For years, the vacant Columbus School on a busy corner of East North Avenue appeared to be nothing more than a giant planter. Leafy tree branches stuck out over the top of the historic red-brick walls, making it seem like the school's only future inhabitants would be squirrels and birds.
But Kevin Bell and Michael Barland saw more. They are investing about $14 million into the run-down 120-year-old building, also known as Public School 99, to make it livable for dozens of families.
"We're going to be proud of this," Bell said after he emerged from the neo-Romanesque building on a recent weekday, hard hat in hand.
Bell is senior vice president of development for the Maryland operations of the Woda Group LLC, a for-profit affordable housing company. Together with Barland's organization, the nonprofit Housing Services Alliance Inc., Woda is making strides toward improving the North Avenue corridor while offering the city's low-income residents more housing options. From a block near Coppin State University on the city's west side to the neighborhood south of Clifton Park on the east side, the partnership aims to have a lasting effect on one of Baltimore's busiest streets.
Founded in 1990, Woda owns and manages more than 6,000 residential units in 11 Midwestern, Northeastern and Southern states. About five years ago, the company decided to move into its first urban market — Baltimore. It hired Bell, who had completed several affordable housing projects in the region, to manage its operations here.
When Bell joined Woda in 2008, he already had been allocated federal low-income housing tax credits to support the financing of the Penn Square Apartments, a community of about 90 apartments for people with incomes at or below 60 percent of Baltimore's median income, just off West North Avenue on Pennsylvania Avenue.
He met Barland during the development of Penn Square, which was fully leased when it opened in 2011, Bell said.
At Bell's urging, Barland — a former development executive for New Shiloh Community Development Corp., a subsidiary of West Baltimore's New Shiloh Baptist Church — joined Housing Services Alliance, an Ohio-based organization that, like Woda, had focused on the creation of affordable housing outside urban centers.
"He and I had a common desire to make something better for the city," Barland said.
When Bell asked him to suggest sites for future affordable housing projects, Barland didn't hesitate.
"It wasn't even a heartbeat of a thought, I went: North Avenue — the 3000 block," Barland recalled. For decades, since his time as a development official for Coppin State, Barland had wanted this drug-infested stretch to be redeveloped.
With Woda, the opportunity finally arrived. Woda secured another round of federal tax credits for the construction of North Avenue Gateway, a $14 million, 64-unit structure to replace 20 empty lots and seven vacant rowhouses.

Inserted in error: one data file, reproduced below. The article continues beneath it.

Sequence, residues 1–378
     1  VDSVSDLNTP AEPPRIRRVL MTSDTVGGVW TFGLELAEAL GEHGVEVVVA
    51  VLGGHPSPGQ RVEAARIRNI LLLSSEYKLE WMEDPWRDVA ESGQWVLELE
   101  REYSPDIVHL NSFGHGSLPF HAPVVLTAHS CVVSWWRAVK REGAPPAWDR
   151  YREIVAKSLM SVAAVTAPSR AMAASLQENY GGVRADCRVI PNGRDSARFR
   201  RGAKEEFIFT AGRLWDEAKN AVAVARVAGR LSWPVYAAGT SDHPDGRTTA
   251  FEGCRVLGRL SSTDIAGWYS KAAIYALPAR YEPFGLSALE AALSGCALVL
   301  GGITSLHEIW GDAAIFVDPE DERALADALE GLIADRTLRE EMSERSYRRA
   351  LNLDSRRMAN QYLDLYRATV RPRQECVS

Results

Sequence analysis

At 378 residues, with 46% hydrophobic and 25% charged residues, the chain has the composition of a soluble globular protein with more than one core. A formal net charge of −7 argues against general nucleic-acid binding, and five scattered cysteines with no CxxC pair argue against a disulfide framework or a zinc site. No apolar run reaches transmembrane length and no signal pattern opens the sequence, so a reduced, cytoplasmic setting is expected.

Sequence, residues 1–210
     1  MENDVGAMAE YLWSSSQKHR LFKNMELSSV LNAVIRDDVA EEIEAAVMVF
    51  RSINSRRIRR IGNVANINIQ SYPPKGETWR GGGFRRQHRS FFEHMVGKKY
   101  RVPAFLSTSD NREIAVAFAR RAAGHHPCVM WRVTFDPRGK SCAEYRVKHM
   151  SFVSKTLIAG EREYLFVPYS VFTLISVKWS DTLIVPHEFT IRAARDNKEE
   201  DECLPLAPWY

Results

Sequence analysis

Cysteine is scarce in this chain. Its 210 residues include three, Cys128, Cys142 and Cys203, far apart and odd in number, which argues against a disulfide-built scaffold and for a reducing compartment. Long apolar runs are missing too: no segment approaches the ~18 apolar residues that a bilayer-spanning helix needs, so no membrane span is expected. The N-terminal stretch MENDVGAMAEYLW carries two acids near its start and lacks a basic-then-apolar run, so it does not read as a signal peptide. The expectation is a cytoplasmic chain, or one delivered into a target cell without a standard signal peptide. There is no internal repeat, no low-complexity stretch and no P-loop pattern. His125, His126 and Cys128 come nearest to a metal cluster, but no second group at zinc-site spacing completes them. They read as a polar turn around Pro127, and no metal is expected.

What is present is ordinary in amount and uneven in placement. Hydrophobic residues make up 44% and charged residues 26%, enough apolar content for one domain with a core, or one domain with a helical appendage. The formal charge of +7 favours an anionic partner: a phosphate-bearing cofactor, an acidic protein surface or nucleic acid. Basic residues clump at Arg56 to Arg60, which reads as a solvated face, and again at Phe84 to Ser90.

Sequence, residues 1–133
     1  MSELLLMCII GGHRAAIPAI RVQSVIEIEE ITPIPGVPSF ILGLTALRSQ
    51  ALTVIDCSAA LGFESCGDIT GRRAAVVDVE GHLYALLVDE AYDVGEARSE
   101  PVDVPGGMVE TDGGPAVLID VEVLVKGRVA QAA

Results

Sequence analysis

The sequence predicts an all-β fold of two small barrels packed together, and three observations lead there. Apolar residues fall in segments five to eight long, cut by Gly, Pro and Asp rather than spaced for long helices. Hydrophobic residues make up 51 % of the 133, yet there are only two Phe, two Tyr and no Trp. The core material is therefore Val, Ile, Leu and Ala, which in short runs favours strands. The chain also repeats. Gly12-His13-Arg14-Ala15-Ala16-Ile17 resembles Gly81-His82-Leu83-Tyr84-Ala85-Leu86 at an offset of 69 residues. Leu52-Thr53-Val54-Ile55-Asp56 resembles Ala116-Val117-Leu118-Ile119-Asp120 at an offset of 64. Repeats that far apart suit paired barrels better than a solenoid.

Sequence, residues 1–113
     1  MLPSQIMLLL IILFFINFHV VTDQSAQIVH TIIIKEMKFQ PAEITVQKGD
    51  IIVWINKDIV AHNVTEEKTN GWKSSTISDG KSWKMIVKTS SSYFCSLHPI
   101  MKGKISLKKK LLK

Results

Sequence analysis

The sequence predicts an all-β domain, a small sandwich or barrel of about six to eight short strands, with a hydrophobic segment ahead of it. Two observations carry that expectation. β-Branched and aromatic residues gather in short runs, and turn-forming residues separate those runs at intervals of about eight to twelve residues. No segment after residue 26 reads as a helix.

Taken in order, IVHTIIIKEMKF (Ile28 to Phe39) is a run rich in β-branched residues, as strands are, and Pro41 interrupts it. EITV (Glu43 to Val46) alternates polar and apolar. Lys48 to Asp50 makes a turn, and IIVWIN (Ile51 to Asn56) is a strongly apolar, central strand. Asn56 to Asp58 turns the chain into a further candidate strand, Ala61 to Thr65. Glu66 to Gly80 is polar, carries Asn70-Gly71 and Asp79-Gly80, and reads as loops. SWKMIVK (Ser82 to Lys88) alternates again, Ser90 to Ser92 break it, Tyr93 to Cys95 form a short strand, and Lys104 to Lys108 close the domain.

When completed later this year, the North Avenue Gateway will include a clinic operated by Coppin State's nursing school. (Barland is chairman of the school's board of directors.)
The pair's long-term plan is to redevelop the north side of the block as well, Bell said.
Formal financial partnerships between Woda and Housing Services have grown out of the relationship that Barland and Bell developed during the North Avenue Gateway project. They are collaborating on the Columbus School redevelopment, a site across town from the Gateway.
"It will help to stretch the revitalization of North Avenue" out from the center of the city, where the Station North Arts District is burgeoning, said City Councilman Carl Stokes, who represents the South Clifton Park neighborhood, home to the school that closed in the 1970s. "The Columbus School is important because it helps to put in place another marker for revitalization to stem from."
The Columbus School Apartments, financed with federal tax credits for the preservation of historic buildings and low-income housing, will offer 50 affordable units. The 68,000-square-foot building, on the National Register of Historic Places, is expected to open later this year, Bell said.
Housing Services and Woda also expect to start construction in late fall on a second phase of the Penn Square Apartments, to be called the Fulton-Gethsemane Family Apartments, named in honor of two Baptist churches in the community, Bell said.
That project, on the same stretch of Pennsylvania Avenue off West North Avenue, will offer about 60 units, he said.
"It's been a blessing to be in that space," said Glenice Shabazz, owner of Smart Steps Children's Centers, which has five locations in Baltimore, including one in Penn Square's current building. The expansion will benefit many working families, she said.
In addition to those projects, Woda and Housing Services have an informal partnership with the Center for Urban Families, which also finds workers for Woda's construction contractors and does the initial income screenings for the company's properties.
Together, the three organizations are going to place low-income buyers in six residences being renovated adjacent to the Penn Square Apartments. They're planning to offer the rowhomes for about $100,000, said Joseph T. Jones Jr., the center's founder, president and CEO.
"I'd say it's an excellent partnership," Jones said.